Chapter

Introduction: Arguing with Tradition in Native America

in Arguing with Tradition

Published by University of Chicago Press

Published in print August 2008 | ISBN: 9780226712932
Published online March 2013 | e-ISBN: 9780226712963 | DOI: http://dx.doi.org/10.7208/chicago/9780226712963.003.0001
Introduction: Arguing with Tradition in Native America

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This book analyzes tradition and culture as discourses in and of contemporary tribal law by considering the microdetails of face-to-face communication in one tribal legal context: that of property hearings held before the Hopi Tribal Court. It argues that the complex imbrications of language, culture, and law constitute the emergent “edge” of contemporary Hopi tribal jurisprudence and the social meanings and effects generated there. It supports this claim by analyzing how legal actors work up contradictory formulations regarding the kinds of talk that are the proper modes and objects of Hopi Tribe courtroom proceedings; how they call for or challenge courtroom uses of tradition by invoking notions of Hopi cultural difference, tradition, and claims to tribal sovereignty. It thus offers a fresh look into the politics of indigenous tradition and culture. The book focuses on the ways in which the ideologies, metadiscourses, and metapragmatics that constitute the “courtroom talk about courtroom talk” constitute notions of tradition and cultural difference in ways that reveal multiple, contradictory, even paradoxical meanings and consequences as the sequence of Hopi court proceedings unfolds.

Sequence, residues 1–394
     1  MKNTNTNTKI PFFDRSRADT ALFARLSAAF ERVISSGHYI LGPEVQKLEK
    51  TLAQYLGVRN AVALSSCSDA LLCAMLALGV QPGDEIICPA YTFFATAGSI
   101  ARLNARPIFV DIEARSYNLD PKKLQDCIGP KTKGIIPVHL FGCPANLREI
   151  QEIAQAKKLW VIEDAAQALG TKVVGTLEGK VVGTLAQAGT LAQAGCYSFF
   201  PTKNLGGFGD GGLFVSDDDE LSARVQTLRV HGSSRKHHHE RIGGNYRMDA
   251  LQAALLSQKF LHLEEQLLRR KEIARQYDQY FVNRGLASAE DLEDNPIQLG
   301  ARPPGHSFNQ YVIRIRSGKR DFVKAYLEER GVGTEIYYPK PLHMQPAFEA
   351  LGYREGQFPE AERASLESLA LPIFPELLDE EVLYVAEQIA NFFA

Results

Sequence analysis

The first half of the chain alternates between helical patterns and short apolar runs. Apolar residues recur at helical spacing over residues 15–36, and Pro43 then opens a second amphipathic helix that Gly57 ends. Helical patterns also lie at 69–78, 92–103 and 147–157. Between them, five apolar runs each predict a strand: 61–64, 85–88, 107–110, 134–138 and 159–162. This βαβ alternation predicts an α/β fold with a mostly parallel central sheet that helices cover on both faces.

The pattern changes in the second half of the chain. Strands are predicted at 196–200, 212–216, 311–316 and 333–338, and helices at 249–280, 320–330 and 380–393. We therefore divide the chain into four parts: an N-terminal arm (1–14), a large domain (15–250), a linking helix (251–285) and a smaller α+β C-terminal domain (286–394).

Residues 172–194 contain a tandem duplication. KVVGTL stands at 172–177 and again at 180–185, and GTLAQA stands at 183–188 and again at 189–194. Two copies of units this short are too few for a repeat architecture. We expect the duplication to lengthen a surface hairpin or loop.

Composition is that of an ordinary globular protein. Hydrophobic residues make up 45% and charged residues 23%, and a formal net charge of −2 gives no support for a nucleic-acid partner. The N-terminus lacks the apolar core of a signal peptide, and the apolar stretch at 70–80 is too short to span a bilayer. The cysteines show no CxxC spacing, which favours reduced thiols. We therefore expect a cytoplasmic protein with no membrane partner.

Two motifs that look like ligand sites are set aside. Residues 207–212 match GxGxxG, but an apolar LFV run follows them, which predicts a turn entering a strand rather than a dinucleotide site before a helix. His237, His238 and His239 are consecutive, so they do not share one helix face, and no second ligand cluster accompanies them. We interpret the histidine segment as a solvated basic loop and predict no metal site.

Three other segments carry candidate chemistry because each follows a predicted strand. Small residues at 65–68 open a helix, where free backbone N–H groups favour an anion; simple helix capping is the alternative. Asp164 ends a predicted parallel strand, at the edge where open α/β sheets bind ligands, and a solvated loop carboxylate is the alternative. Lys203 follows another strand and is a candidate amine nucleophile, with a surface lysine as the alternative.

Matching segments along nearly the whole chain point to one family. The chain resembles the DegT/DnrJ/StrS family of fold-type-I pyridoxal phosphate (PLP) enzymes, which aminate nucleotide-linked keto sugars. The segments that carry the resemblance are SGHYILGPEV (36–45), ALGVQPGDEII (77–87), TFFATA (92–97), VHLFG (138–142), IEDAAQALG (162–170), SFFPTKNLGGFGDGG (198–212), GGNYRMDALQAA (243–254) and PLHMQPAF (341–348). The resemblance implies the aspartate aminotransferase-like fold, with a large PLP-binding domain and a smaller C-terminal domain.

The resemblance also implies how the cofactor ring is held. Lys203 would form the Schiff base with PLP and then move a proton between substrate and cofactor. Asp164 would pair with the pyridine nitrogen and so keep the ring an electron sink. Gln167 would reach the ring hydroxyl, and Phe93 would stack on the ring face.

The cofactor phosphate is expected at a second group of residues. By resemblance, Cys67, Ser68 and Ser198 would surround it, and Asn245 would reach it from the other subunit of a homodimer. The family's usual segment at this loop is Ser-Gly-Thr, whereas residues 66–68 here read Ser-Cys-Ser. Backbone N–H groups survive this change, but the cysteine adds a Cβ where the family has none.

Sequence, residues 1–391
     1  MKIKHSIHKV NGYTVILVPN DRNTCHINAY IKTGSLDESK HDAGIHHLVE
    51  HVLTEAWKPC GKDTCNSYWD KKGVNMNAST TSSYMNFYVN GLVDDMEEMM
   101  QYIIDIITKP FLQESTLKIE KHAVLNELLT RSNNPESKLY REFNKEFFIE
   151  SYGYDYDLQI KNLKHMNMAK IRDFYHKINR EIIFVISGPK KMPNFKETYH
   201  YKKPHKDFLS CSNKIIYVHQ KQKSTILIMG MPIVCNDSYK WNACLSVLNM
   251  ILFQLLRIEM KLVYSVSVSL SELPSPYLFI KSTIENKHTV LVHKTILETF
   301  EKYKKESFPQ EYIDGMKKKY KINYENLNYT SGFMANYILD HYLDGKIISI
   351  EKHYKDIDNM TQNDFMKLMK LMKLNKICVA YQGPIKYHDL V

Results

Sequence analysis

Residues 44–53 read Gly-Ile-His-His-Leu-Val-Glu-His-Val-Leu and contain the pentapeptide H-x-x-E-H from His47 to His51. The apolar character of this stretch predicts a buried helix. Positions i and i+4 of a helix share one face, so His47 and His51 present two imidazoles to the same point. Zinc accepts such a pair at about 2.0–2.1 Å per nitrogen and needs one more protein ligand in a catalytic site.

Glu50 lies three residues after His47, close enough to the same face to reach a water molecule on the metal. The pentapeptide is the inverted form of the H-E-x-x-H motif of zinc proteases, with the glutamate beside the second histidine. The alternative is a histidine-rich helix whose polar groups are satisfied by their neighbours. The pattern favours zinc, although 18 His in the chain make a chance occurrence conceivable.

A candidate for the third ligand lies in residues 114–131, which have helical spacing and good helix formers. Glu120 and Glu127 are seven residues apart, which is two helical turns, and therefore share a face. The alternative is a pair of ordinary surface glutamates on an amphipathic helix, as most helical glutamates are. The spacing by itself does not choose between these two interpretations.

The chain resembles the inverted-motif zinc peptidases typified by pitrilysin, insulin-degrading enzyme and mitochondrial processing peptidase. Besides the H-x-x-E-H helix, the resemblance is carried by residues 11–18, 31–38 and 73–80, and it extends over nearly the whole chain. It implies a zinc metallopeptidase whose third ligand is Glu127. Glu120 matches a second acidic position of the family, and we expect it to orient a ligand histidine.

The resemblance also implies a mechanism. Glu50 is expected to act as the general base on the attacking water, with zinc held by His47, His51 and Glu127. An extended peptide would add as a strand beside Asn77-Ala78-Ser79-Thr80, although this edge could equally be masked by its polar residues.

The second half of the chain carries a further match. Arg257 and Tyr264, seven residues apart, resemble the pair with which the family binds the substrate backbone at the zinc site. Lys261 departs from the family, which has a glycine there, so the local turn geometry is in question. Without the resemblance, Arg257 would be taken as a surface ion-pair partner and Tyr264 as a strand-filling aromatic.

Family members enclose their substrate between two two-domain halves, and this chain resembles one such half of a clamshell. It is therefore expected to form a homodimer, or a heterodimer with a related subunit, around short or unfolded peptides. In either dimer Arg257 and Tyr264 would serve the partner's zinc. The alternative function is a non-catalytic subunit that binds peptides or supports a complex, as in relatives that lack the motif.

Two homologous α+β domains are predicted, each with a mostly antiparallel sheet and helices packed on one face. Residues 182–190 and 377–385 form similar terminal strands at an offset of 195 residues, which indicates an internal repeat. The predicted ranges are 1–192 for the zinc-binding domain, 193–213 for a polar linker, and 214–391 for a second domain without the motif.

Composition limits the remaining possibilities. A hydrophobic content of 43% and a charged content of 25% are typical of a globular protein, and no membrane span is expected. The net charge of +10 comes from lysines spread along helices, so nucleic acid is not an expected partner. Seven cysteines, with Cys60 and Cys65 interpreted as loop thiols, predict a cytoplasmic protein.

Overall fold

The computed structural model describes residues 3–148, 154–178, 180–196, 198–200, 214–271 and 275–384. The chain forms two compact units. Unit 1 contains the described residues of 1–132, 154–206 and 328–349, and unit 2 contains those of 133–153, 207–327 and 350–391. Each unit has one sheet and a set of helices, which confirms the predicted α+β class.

Keywords: tradition; culture; tribal law; property; court proceedings; Hopi Tribal Court; language; jurisprudence; sovereignty; Hopi Tribe

Chapter.  10168 words. 

Subjects: Social and Cultural Anthropology

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